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Evaluate The Contribution Made By Eysenck To Our Understanding Of Anxiety In Sport

1907 words - 8 pages

The relationship between anxiety and performance is imperative as when feelings of anxiety are experienced in a sporting situation, the subsequent effects can be huge. Attempts to understand the effects of anxiety upon performance in sport have been ongoing for many years, and several theories and explanations have been developed to try and improve our understanding of the relationship between stress, anxiety and performance in sport. Eysenck has developed several theories regarding anxiety, and his contribution will be discussed and evaluated.In order to understand anxiety within the context of sport and the implications it may have, an understanding of the earlier theories of anxiety is ...view middle of the document...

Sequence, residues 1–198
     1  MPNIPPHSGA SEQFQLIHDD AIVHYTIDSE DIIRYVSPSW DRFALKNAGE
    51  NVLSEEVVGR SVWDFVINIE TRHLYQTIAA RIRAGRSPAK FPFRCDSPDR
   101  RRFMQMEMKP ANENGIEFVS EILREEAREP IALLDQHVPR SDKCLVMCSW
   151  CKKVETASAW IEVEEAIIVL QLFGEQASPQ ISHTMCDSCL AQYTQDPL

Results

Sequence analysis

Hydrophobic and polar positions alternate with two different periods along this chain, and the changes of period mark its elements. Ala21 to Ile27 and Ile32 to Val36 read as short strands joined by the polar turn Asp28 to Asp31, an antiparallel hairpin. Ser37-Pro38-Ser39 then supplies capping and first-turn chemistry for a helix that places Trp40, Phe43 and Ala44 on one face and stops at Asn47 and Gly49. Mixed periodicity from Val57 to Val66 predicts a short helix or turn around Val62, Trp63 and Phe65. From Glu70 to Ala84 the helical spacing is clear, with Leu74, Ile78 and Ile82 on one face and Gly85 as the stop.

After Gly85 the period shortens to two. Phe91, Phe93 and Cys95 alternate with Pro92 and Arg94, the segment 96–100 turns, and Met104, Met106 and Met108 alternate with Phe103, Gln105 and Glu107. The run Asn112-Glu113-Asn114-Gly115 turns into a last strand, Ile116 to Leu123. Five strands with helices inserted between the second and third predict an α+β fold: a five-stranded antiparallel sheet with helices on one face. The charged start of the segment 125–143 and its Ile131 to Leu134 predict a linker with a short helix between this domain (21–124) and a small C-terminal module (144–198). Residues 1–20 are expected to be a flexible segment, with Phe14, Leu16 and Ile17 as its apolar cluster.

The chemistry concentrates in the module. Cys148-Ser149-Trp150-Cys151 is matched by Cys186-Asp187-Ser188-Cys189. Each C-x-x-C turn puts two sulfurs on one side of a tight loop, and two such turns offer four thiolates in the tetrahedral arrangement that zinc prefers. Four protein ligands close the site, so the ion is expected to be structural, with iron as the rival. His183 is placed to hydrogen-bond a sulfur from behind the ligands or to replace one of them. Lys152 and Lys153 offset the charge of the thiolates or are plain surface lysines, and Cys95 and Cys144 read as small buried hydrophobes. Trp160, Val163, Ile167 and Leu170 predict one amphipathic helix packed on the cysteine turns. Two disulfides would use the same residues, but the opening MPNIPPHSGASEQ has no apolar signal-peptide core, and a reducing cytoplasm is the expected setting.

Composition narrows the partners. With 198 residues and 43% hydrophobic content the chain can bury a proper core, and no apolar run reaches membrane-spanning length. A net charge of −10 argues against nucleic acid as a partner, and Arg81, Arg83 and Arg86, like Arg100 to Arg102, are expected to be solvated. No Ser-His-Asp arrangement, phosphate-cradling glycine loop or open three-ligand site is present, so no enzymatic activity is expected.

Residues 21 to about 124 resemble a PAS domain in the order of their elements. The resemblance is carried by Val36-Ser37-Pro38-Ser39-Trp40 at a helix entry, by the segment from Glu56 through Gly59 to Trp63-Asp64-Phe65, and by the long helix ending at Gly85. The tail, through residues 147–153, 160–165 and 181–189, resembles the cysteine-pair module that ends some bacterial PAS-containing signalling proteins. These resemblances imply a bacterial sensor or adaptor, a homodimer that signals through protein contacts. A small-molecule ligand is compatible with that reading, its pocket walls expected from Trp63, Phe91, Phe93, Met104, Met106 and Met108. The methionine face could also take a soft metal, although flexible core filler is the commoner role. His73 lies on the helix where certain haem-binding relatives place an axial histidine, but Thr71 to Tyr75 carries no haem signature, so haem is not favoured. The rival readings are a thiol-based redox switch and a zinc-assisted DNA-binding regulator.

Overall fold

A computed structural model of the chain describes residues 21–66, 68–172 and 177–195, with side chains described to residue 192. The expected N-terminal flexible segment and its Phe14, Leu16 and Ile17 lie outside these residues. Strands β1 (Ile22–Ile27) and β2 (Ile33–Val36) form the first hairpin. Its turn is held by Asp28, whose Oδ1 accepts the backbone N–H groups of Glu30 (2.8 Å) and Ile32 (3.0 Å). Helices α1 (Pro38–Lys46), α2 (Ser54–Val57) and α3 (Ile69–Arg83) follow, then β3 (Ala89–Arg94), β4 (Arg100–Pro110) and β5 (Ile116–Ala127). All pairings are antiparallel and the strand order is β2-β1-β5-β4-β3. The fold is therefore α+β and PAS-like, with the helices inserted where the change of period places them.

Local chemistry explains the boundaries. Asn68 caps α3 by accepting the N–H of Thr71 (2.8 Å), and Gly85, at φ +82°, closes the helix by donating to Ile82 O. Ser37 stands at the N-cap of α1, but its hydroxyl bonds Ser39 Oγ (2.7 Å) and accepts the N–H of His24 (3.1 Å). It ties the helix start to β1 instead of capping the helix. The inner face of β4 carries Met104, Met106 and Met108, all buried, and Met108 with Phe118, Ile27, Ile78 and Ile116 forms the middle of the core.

He suggested that individuals who experience high levels of trait anxiety possess three cognitive biases; selective attention bias, interpretive bias and negative memory bias. Using this as a basis, Eysenck then went on to develop his four-factor theory of anxiety.Eysenck (1997) developed his four-factor theory of anxiety in part through a synthesis of the theories of Williams (1988) and Weinberger, Schwartz & Davidson (1979). Using the four personality types proposed by Weinberger et al (1979); i.e. hi-anxious, low-anxious, repressors, and defensive hi-anxious, Eysenck attempted to explain how the characteristics and biases of these different personality types can influence the level of experienced anxiety. Briefly, what this theory suggests is as a result of cognitive biases individuals have variations in their levels of trait anxiety, and in the emphasis which they place on social desirability. From this; Eysenck's theory assumes that high-anxious individuals have biases which cause them to be more conscious of threatening situations and also to interpret ambiguous situations as threatening. This is in contrast to repressors, who underrate threatening situations and tend to view ambiguous situations as unthreatening.In their research, Kelly, Smith & Holmes (in press) focused on Eysenck's four factor theory of anxiety and the role cognitive biases play in the experience of anxiety of sports performers, in particular repressors. Using golf, Kelly et al aimed to establish whether a characteristic of repressors in sport is that they tend to interpret anxiety symptoms as facilitating, and also whether hi-anxious, low-anxious and repressors differed in their expectations of future performances. What they found was that repressors did not interpret anxiety as more facilitative than hi or low anxious individuals; however they tend did to be overly optimistic regarding future performance. Hi-anxious individuals were predicted to be pessimistic about their performance but their performance expectations were found to be consistent with their actual performances. Kelly et al recommended that additional research is essential to further explain the role of cognitive biases in sport.In general, research does support the concept of the four-factor theory (Eysenck 1997) however, there are inconsistencies between studies and the application of the four-factor theory within sport has largely been ignored as Kelly et al point out. They indicate how research on anxiety in sport has failed to examine performance using the four personality types suggested by Weinberger. In conclusion, Eysenck's four-factor theory of anxiety has not been sufficiently studied outside and within the context of sport and thus further research on the four-factor theory is required.However a theory within which several studies in the context of sport have been completed is the processing efficiency theory. Eysenck and Calvo (1992) developed the processing efficiency theory in an...

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